Godongwana says no specific conditions are attached to the R11 billion World Bank loan


The Treasury explained that the money comes from the World Bank’s development policy loan product and that the country, through its response to COVID-19 and socio-economic programs, has qualified for it.

FILE: Finance Minister Enoch Godongwana. Photo: GCIS.

JOHANNESBURG – Finance Minister Enoch Godongwana has said no specific conditions are attached to the 11 billion rand World Bank loan guaranteed by South Africa.

Godongwana and his team answered MPs’ questions about the loan on Tuesday before the Parliament’s Standing Committee on Finance.

The Treasury explained that the money comes from the World Bank’s development policy loan product and that the country, through its response to COVID-19 and socio-economic programs, has qualified for it.

But Floyd Shivambu of the Economic Freedom Fighters doesn’t see the reason.

“There is no rationality that has been given now as to why we received a loan from the World Bank except that we are eligible for a loan, therefore, we have to take it. What kind of logic is that ?Because I’m eligible for a loan, do I have to take it??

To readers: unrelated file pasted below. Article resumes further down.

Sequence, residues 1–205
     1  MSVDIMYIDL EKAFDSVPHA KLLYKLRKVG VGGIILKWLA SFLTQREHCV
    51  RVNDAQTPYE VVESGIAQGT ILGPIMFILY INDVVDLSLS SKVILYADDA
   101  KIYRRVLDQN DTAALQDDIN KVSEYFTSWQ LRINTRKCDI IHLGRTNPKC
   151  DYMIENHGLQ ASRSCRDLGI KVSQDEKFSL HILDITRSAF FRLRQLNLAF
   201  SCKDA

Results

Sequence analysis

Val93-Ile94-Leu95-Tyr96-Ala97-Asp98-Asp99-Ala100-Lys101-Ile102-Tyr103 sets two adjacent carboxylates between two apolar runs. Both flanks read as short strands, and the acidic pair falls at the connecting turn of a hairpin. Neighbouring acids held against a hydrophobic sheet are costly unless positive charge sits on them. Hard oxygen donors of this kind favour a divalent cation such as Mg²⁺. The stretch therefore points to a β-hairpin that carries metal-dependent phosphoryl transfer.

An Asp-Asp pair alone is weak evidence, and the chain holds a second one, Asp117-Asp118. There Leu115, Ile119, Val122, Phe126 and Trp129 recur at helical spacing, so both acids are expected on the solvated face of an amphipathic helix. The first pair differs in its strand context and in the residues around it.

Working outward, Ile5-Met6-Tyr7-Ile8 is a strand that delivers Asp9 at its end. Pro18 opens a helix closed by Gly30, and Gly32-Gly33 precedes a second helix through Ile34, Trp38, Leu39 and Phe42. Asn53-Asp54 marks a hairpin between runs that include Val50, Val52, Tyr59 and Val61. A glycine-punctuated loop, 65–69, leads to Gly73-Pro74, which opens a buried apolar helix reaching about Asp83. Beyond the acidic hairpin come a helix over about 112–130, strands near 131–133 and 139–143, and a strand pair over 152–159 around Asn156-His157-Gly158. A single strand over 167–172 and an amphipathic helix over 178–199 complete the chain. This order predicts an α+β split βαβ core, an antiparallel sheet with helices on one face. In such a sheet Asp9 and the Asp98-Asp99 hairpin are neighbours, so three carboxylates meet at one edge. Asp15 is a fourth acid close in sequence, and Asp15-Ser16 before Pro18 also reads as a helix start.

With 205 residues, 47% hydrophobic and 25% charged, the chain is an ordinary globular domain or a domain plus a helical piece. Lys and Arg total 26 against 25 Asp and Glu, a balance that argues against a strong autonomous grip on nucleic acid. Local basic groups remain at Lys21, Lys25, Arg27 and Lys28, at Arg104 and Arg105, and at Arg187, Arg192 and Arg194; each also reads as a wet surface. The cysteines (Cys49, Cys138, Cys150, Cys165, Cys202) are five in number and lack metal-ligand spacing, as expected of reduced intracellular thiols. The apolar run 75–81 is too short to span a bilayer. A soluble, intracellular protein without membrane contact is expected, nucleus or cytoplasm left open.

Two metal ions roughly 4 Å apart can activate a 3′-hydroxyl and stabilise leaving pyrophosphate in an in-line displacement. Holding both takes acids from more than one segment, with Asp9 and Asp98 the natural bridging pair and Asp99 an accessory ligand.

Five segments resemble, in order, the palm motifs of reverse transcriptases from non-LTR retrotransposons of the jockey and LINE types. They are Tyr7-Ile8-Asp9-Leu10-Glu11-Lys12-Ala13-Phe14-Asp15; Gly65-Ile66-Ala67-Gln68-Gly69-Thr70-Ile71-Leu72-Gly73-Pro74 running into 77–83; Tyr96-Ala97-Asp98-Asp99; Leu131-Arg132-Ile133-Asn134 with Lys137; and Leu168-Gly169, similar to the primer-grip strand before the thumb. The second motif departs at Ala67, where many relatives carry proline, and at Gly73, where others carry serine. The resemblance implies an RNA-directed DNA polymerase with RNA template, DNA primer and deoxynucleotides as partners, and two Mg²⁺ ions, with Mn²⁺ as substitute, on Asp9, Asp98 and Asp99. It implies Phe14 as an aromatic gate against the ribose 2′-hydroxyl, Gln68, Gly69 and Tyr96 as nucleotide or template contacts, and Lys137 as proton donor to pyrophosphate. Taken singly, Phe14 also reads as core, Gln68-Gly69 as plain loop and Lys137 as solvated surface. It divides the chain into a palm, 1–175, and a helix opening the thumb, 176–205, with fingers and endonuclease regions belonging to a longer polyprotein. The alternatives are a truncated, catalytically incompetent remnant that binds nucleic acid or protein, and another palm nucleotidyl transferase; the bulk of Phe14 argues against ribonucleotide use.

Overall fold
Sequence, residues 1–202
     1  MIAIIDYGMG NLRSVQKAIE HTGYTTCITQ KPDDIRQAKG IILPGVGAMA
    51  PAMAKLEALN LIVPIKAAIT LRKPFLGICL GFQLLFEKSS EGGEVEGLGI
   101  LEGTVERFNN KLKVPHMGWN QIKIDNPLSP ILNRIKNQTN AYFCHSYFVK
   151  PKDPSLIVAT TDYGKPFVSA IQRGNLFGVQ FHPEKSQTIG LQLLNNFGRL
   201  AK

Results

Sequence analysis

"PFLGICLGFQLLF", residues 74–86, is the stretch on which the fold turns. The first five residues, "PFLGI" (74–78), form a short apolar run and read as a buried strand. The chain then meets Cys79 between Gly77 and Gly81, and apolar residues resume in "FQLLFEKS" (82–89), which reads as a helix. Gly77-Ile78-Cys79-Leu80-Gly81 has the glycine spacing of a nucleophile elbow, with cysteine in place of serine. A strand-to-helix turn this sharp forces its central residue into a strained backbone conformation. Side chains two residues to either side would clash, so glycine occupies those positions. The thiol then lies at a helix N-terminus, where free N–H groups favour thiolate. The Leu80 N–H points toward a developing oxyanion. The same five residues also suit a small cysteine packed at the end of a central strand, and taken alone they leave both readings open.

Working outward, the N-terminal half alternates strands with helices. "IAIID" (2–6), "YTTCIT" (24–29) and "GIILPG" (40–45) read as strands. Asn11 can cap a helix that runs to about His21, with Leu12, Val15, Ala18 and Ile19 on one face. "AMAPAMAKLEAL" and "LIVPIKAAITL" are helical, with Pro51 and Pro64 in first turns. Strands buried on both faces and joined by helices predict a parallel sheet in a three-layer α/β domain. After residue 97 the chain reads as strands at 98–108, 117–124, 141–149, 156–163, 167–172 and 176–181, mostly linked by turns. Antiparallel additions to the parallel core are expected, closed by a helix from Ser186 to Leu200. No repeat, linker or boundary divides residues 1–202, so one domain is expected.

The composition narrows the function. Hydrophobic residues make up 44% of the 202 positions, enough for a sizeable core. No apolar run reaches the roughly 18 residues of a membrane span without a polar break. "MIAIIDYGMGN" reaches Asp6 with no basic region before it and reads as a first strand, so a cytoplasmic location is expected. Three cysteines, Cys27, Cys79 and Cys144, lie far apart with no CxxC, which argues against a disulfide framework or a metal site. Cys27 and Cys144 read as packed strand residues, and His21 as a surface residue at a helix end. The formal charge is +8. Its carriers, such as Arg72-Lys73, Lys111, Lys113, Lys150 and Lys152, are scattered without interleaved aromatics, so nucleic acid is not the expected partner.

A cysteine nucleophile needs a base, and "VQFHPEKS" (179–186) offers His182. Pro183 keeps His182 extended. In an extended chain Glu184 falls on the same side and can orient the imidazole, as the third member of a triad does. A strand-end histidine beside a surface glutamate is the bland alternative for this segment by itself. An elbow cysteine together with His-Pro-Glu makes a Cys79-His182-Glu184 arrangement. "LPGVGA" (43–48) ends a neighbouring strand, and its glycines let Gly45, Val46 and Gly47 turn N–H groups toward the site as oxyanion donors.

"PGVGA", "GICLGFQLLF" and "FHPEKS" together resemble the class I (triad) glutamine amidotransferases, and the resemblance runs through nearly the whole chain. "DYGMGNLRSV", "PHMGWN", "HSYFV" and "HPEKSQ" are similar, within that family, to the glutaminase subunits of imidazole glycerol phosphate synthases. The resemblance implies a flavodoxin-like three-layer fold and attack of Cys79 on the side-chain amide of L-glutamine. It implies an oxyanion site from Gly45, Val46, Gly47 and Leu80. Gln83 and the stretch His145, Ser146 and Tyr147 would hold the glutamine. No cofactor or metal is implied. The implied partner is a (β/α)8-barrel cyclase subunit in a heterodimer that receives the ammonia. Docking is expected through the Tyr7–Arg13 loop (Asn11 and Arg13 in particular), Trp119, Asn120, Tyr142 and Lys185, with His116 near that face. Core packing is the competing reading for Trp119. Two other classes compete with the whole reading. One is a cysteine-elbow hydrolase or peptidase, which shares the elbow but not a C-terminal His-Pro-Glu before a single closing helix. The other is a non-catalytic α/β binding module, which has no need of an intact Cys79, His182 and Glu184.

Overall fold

Godongwana appealed to MPs not to reject the loan, saying it would be detrimental to the work of his department.

“You can disagree with us, you are entitled to your opinion, but the rationale is there. The next set of issues is that if the committee rejects this, it will hurt the work we are doing.”

CONCERNS

Parliament’s Standing Finance Committee has expressed concern over the current debt servicing costs following the R11 billion loan from the World Bank.

The bank put the interest rate at 0.8%.

The country spends 270 billion rand a year on debt service, which is the third largest expenditure item, after education and social services.

Committee chair Joe Maswanganyi reiterated the committee’s longstanding position that high debt loads often have a detrimental effect on service delivery.

He said it was concerning that health and community development were the fourth and fifth largest national expenditure items respectively.

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